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Rocky River bakery serving sweet treats after shutdown

Posted at 5:50 PM, Jun 19, 2020

ROCKY RIVER, Ohio — If Sue Johansen had a catchphrase, it might be, “Cake is a happy thing.”

The owner of Wild Flour Bakery waited patiently for Governor Mike DeWine to give the go-ahead for shops to reopen.

"Our community is so supportive of us and they step in just to say hello and grab a cookie,” she said as she stood smiling in front of her well-stocked pastry case. "It does my heart good to see everybody again, even if it's just to say hello."

The round top, glass-fronted case showed off the bakery’s newest offerings.

"We're really leaning towards individualized desserts right now,” she said. Wild Flour bakery has called Rocky River home for the last 20 years.

On this day, Andrew Carroll assembled mini bananas foster desserts for a local nursing home. The jars could fit in the palm of Carroll’s hand, making it perfect for one person.

About a dozen people stopped by between 1 and 2 p.m. selecting small desserts for the weekend. The brownies and pastries are moving quickly but Johansen said sales of larger cakes slowed down.

"I think we have already postponed about 75 weddings so far,” she said. “When this all started, couples were postponing their weddings until the fall. Now we're seeing they're postponing (until) next year."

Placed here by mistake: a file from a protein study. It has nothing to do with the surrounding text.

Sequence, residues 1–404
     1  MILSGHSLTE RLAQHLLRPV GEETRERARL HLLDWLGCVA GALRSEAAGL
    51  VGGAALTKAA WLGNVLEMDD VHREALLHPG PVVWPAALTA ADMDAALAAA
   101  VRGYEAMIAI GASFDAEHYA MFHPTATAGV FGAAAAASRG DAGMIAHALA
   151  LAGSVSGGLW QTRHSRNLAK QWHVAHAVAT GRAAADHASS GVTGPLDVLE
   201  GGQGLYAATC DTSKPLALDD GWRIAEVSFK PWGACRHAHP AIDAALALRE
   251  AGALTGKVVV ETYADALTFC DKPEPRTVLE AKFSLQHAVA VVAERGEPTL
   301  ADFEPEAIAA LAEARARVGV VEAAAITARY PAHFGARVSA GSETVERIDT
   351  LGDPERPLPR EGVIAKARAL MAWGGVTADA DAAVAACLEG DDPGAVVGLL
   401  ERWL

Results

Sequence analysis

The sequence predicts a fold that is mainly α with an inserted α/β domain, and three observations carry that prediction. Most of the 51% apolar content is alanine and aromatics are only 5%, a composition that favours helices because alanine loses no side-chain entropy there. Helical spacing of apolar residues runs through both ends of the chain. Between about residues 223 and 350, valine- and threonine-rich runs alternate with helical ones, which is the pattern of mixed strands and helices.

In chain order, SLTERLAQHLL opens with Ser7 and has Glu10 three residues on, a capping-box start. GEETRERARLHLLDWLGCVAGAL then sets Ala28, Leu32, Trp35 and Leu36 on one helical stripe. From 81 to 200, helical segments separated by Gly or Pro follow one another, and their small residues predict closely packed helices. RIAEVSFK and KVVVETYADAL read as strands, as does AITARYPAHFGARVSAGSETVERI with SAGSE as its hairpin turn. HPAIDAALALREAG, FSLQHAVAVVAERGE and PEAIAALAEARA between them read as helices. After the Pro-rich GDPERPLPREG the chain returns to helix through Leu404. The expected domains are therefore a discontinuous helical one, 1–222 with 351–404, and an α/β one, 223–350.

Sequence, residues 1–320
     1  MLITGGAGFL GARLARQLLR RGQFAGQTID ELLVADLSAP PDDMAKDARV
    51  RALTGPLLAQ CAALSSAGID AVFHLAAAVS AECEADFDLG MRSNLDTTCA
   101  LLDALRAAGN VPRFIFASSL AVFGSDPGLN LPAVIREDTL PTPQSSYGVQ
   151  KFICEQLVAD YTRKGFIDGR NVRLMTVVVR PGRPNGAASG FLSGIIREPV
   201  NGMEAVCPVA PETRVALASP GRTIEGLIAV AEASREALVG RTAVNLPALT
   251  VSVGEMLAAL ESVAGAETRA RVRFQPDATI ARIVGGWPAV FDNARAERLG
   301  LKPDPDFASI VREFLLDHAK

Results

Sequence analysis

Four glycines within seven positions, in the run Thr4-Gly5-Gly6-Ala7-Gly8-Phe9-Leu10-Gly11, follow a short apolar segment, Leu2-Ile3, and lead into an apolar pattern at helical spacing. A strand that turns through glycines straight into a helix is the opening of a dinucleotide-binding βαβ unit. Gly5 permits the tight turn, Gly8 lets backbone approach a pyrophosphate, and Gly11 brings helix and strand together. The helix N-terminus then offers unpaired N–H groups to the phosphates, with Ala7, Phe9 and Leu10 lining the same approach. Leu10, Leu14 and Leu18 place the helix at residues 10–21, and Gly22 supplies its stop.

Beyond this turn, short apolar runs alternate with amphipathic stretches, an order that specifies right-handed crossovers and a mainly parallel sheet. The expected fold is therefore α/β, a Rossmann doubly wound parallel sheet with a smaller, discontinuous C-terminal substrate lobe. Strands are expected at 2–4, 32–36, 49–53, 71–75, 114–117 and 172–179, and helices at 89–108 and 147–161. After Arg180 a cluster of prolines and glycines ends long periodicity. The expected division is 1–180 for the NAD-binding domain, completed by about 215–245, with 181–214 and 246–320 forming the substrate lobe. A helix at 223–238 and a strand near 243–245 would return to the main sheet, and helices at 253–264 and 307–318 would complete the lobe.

Right now, the bakery has been able to accommodate the new dates in 2021, but her calendar is already filling up.

In peak wedding season, bakers there average 15 cakes per weekend.

“Our record is 27 cakes in one weekend,” she said noting it was over a three-day holiday break.

Her earliest scheduled wedding post-shutdown is at the end of the month.

“July is still pretty well booked,” she said without having to look at her calendar. “It’s very uplifting.”

Wedding season is big business for the small shop. The bakery’s website said it sells about 90,000 pieces of cake each year because of its wedding clients.

During the shutdown, Johansen and her team worked to keep the business going and plan ahead. Right now, she does not have to raise prices to make up for lost revenue.

“We’ve been very fortunate in that,” she said.